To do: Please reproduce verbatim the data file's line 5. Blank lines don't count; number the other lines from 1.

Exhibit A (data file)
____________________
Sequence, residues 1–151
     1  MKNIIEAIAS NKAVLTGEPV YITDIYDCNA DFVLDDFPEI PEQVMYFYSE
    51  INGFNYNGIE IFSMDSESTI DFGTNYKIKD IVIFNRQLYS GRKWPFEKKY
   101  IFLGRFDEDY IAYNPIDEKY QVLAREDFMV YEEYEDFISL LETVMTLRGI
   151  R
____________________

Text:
   151  R